(2) The repeal or amendment of an Act does not—

  1. revive anything not in force or existing at the time the repeal or amendment takes effect; or
  2. affect the previous operation of the Act or anything suffered, done or begun under the Act; or
  3. affect a right, privilege or liability acquired, accrued or incurred under the Act; or
  4. affect a penalty incurred in relation to an offence arising under the Act; or
  5. affect an investigation, proceeding or remedy in relation to a right, privilege, liability or penalty mentioned in paragraph (c) or (d).

(3) The investigation, proceeding or remedy may be started, continued or completed, and the right, privilege or liability may be enforced and the penalty imposed, as if the repeal or amendment had not happened.

  1. [33]
    Dearden DCJ also said s 20 is ‘consistent’ with the Legislative Standards Act 1992 (Qld) in particular s 4 and the reference to ‘principles relating to the legislation that underlie a Parliamentary democracy based on the rule of law’.[29] Dearden DCJ identifies that one of those principles is that legislation should ‘not adversely affect rights and liberties…retrospectively’.[30]
  2. [34]
    It is settled law that the presumption against retrospectivity of legislation can be rebutted where the legislative amendments are procedural and not substantive in nature. This raises a question as to the nature of the PEOLA amendments in determining whether they are procedural or substantive and whether the decisions being reviewed involve a consideration of accrued rights or liabilities.[31]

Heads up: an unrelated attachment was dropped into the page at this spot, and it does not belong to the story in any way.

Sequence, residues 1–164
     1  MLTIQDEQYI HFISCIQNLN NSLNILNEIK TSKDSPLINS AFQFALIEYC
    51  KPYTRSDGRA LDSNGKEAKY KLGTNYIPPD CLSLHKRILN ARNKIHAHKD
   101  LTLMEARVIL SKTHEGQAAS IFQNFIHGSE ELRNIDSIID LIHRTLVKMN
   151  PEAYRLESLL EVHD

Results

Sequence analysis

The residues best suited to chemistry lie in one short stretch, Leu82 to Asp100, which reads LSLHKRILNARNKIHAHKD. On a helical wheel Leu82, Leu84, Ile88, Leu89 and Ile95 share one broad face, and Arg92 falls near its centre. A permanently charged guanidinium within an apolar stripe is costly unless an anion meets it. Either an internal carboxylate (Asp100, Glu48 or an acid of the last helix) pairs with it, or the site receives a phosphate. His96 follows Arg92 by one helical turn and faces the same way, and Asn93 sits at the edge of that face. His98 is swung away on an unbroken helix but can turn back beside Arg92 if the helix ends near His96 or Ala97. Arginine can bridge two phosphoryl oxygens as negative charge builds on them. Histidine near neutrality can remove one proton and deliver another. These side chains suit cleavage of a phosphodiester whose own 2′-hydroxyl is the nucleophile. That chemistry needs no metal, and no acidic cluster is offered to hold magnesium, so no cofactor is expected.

3. [35]
    In Taylor v Queensland Law Society Incorporated,[32] Daubney J helpfully summarises the ‘distinction’ between procedural and substantive issues as explained in the joint judgment of Gleeson CJ, Gaudron, McHugh, Gummow and Hayne JJ in the High Court decision of John Pfeiffer Pty Ltd v Rogerson:[33]

As already indicated, the choice of law rules traditionally distinguish between questions of substance and questions of procedure. There is much history that lies behind the distinction, but search as one may, it is very hard, if not impossible, to identify some unifying principle which would assist in making the distinction in a particular case. But, as the majority said in McKain: “Though the dividing line is sometimes doubtful or even artificial, the need to distinguish between substantive law and procedural law is clearly recognised for a number of forensic purposes.